Librarians And The Filter Bubble

by Penny G. Mattern on June 16, 2011

You may be living in a bubble and not even know it.

I’ve recently read Eli Pariser’s new book, The Filter Bubble: What the Internet Is Hiding From You. It has many clear connections with the role of libraries (and perhaps their fate).

“If you’re not paying for something [on the internet], you’re not the customer; you’re the product being sold.”
Andrew Lewis, quoted in Pariser’s book, p. 21.

Computers are a great reference tool — librarians use them all the time. They are easy to use from home and there’s all kinds of information in them — that’s both the good news and the bad news.

There’s both too little — not enough in-depth, context-based — information, and too much — too many versions, too many sites and references copying each other to know the facts behind the facts. You have to know a subject area really well yourself to wend your way through what’s out there.

These are just difficulties, the hazards of the search, but there are actual dangers as well, that can only be escaped if you know about them.

In this book Pariser talks about personalization, that is, how some internet services are tracking you and using that information to predict what you’ll want to see — and limiting your results to those things.

While we’re all aware that the internet is huge and we’ve entered the age of information overload, we may not be aware that this trend causes us to see less and less, over time. You may think, as Pariser points out, that every (say) Google search provides the same screens to different people, but that’s not so — as he proved by having friends in different areas, using different browsers, and with different established interests, do the same search at the same time, and then taking screen shots of the results: all the screen shots showed major differences, depending on who did the search.

“By definition, a world constructed from the familiar is a world in which there’s nothing to learn.” — p. 15.

So, getting beyond the problem of what may or may not be out on the internet in the first place, now many times you’re seeing only what some one, or some automated system, thinks you want to see.

And that is an easy step away from outside control of what you’re allowed to see.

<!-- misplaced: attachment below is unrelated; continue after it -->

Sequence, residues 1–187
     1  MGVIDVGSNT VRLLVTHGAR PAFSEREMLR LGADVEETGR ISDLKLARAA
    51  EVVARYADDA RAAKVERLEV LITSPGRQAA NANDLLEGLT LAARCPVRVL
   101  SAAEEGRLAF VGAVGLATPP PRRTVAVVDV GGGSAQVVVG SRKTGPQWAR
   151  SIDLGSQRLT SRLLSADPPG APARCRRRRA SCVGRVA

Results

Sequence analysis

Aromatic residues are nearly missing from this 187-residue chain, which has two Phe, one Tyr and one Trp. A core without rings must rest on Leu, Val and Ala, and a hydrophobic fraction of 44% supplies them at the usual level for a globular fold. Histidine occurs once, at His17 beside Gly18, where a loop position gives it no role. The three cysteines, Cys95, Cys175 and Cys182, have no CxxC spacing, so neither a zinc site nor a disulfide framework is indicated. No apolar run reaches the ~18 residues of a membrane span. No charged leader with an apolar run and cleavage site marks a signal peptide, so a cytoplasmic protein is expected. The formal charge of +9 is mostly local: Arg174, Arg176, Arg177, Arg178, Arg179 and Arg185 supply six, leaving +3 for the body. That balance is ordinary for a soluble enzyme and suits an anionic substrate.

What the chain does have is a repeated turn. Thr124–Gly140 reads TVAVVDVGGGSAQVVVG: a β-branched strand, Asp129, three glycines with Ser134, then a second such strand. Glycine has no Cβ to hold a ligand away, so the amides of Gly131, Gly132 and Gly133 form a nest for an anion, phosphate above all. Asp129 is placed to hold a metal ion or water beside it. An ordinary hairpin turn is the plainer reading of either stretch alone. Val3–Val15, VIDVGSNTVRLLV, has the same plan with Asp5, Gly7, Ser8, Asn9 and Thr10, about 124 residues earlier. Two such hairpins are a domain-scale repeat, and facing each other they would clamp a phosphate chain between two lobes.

And thus to think what you’re allowed to think.

The danger here is information blinders. It’s narrowing your focus, not narrowing the search. You want to find something out, but the system you’re dealing with thinks you want to see only the kind of things you’ve looked for before. As far as you know, what you see is all there is.

“What I seem to like may not be what I actually want, let alone what I need to know to be an informed member of my community or country.” p. 18.

There are ways to fight this, none of them easy. But Pariser is clear that while Fair Information Practices have been set out since 1973, he also points out that “Nearly forty years later, the principles are still basically right, and we’re still waiting for them to be enforced.” — p. 239.

There is now some movement in the Senate on this issue. A bill has been jointly sponsored across party lines. The Electronic Frontier Foundation, a group that defends rights in the digital world, has this to say about the issue and the bill. To understand the situation, read both.

“In the next few years, the rules that will govern the next decade or more of online life will be written. And the big online conglomerates are lining up to help write them.” — p. 242.

Can libraries help?

Libraries are filled with information about organizations and groups that have interests in protecting the rights of individuals in this arena. Find out who they are and get involved in whatever ways you can.

Or sit back, and just enjoy the show designed especially for you.

The Librarians And The Filter Bubble by Penny G. Mattern, unless otherwise expressly stated, is licensed under a Creative Commons Attribution-NonCommercial-ShareAlike 3.0 Unported License.

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